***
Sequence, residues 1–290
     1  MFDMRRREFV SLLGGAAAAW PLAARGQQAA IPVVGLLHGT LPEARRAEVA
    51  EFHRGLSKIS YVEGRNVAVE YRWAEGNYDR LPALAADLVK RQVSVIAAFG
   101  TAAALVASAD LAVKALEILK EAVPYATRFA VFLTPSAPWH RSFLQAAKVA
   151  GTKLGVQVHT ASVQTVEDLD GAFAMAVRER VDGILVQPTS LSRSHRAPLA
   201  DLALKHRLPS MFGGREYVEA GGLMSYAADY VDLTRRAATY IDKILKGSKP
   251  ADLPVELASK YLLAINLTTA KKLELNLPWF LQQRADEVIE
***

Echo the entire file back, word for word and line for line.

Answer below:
Sequence, residues 1–290
     1  MFDMRRREFV SLLGGAAAAW PLAARGQQAA IPVVGLLHGT LPEARRAEVA
    51  EFHRGLSKIS YVEGRNVAVE YRWAEGNYDR LPALAADLVK RQVSVIAAFG
   101  TAAALVASAD LAVKALEILK EAVPYATRFA VFLTPSAPWH RSFLQAAKVA
   151  GTKLGVQVHT ASVQTVEDLD GAFAMAVRER VDGILVQPTS LSRSHRAPLA
   201  DLALKHRLPS MFGGREYVEA GGLMSYAADY VDLTRRAATY IDKILKGSKP
   251  ADLPVELASK YLLAINLTTA KKLELNLPWF LQQRADEVIE